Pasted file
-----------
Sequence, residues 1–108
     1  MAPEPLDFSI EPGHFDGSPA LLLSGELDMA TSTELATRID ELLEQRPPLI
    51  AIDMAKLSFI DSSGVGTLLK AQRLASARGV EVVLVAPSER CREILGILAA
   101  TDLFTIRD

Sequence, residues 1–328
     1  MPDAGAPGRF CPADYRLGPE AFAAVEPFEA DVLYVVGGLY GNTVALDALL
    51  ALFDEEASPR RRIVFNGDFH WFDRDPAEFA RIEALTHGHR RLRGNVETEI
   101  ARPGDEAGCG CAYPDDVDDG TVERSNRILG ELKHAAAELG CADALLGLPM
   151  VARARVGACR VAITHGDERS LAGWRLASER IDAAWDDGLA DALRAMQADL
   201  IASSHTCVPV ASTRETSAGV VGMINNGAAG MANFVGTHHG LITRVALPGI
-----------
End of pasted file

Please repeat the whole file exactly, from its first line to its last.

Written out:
Sequence, residues 1–108
     1  MAPEPLDFSI EPGHFDGSPA LLLSGELDMA TSTELATRID ELLEQRPPLI
    51  AIDMAKLSFI DSSGVGTLLK AQRLASARGV EVVLVAPSER CREILGILAA
   101  TDLFTIRD

Sequence, residues 1–328
     1  MPDAGAPGRF CPADYRLGPE AFAAVEPFEA DVLYVVGGLY GNTVALDALL
    51  ALFDEEASPR RRIVFNGDFH WFDRDPAEFA RIEALTHGHR RLRGNVETEI
   101  ARPGDEAGCG CAYPDDVDDG TVERSNRILG ELKHAAAELG CADALLGLPM
   151  VARARVGACR VAITHGDERS LAGWRLASER IDAAWDDGLA DALRAMQADL
   201  IASSHTCVPV ASTRETSAGV VGMINNGAAG MANFVGTHHG LITRVALPGI